Vol. 1, Issue 16, September 2, 2003
U.S. Demands China Pick Simpler Name For Currency
John Snow, US treasury secretary, on Monday urged China to abandon the name of its currency, arguing that a "functioning financial system is one based on having currency which other people can pronounce."
In unexpectedly tough remarks on the eve of a visit to Beijing, Mr. Snow said: "We want to be heard on the issue of easily understood terms that do not place American politicians at a disadvantage in conversation."
His comments on the "renminbi" were no surprise to those familiar with the Bush Administration's policies on multi-syllabic words and foreign languages.
The treasury secretary is the latest US official to comment on the Chinese currency. Alan Greenspan, chairman of the Federal Reserve, suggested in July that the "renminbi" would have to be renamed if Beijing expected favorable negotiations with the White House.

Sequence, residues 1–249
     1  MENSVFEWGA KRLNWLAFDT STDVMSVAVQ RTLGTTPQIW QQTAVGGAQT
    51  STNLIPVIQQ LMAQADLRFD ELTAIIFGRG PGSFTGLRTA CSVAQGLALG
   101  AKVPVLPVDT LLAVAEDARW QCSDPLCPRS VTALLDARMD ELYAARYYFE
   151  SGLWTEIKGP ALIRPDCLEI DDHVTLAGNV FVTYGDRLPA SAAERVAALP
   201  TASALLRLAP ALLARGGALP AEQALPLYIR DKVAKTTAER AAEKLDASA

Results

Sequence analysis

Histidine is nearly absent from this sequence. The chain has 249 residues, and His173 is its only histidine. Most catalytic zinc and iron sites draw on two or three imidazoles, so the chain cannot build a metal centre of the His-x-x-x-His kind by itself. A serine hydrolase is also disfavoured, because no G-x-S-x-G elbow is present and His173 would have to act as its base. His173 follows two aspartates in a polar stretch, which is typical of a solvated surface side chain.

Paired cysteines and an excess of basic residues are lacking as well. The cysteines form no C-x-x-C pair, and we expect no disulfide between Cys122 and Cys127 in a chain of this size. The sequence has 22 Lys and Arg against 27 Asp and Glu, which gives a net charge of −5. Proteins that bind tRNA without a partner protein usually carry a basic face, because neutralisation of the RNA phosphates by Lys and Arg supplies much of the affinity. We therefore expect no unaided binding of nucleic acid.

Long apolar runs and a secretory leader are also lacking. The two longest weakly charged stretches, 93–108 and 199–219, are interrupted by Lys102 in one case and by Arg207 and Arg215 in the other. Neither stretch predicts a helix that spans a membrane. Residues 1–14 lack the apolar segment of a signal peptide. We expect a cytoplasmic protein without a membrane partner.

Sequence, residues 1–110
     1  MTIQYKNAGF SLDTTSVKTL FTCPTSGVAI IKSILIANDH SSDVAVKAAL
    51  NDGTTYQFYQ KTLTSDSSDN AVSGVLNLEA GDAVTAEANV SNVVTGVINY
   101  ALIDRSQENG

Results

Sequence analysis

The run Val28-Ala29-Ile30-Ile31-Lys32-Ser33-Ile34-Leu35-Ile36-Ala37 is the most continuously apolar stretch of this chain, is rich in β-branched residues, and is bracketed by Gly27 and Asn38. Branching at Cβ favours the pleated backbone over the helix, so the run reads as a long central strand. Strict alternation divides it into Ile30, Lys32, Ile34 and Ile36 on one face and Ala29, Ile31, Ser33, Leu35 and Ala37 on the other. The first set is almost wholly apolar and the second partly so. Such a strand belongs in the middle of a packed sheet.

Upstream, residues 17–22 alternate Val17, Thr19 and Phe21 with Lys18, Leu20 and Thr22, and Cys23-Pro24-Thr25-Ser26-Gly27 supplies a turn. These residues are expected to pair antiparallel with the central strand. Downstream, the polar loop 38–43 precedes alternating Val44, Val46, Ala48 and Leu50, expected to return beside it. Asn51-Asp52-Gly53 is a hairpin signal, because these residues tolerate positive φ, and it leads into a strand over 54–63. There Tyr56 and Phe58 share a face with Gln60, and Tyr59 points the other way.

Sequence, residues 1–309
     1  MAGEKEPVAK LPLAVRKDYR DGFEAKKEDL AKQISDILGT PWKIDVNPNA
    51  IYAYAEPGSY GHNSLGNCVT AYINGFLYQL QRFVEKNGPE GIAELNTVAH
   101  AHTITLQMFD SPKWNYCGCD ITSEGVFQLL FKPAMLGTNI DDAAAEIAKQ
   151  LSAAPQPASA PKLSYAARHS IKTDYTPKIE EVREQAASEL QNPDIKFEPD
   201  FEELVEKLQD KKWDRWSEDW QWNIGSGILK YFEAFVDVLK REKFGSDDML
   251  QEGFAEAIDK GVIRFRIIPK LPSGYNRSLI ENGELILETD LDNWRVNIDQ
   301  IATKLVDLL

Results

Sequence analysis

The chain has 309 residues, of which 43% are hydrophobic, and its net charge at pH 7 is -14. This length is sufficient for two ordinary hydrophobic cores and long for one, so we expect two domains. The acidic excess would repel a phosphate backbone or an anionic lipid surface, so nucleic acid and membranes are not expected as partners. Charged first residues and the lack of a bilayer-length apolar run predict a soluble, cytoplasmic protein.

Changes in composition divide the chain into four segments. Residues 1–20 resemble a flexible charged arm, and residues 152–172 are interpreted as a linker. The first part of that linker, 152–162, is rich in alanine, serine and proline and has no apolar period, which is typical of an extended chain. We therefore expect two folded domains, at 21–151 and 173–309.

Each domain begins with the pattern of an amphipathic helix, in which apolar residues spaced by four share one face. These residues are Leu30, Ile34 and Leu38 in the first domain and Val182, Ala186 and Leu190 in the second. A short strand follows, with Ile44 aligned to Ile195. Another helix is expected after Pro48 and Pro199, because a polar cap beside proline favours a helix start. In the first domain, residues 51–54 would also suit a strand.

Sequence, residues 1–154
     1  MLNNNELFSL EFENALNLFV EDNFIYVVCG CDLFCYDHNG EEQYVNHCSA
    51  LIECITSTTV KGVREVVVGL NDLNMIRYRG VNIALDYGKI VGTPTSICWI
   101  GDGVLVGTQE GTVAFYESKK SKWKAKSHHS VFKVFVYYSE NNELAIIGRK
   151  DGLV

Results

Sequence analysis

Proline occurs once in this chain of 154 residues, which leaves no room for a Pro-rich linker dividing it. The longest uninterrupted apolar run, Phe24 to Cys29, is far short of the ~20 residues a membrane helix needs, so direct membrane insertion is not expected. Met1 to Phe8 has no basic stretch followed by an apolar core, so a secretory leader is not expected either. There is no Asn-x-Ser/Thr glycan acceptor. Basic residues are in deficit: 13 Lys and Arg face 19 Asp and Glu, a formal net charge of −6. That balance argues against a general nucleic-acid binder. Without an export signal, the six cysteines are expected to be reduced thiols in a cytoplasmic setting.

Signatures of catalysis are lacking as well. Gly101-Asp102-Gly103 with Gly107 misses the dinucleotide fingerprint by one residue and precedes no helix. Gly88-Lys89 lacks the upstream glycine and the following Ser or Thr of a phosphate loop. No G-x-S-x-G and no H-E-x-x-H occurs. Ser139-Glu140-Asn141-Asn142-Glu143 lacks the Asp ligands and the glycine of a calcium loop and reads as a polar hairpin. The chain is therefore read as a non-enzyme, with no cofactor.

"Difficult words only hinder discussion," Greenspan noted. "We all know the President doesn't like subjects involving terms he cannot pronounce. He'd rather ignore them entirely than risk giving further fodder to the Democratic slander machine, which insists on poking fun at his pronunciation of difficult words such as 'nuclear.'"
President Bush is widely known for his strong insistence on forcing foreign languages and countries to accommodate his needs. He has already made changes in some American territories, officially changing the name of American Samoa to "American S'mores" last month.
Beijing has rejected the rhetoric on the renminbi from Washington. Chinese leaders have given little indication that they are willing to change the name of their currency.
"We find this request both incredible and insulting," said Chinese Embassy Spokesman Xie Feng. "Its sheer inanity makes our heads hurt. We would much rather you complain about human rights or something."
Snow admitted that a difficult to pronounce renminbi "worked both ways" for US industry, given that many companies can back out of otherwise binding negotiations by claiming "misunderstandings" during talks.
"However, China needs to understand that the true mark of a major world currency is a one or two syllable name," he added. "The dollar, the euro, the yen: time to get with the program if they want to be taken seriously."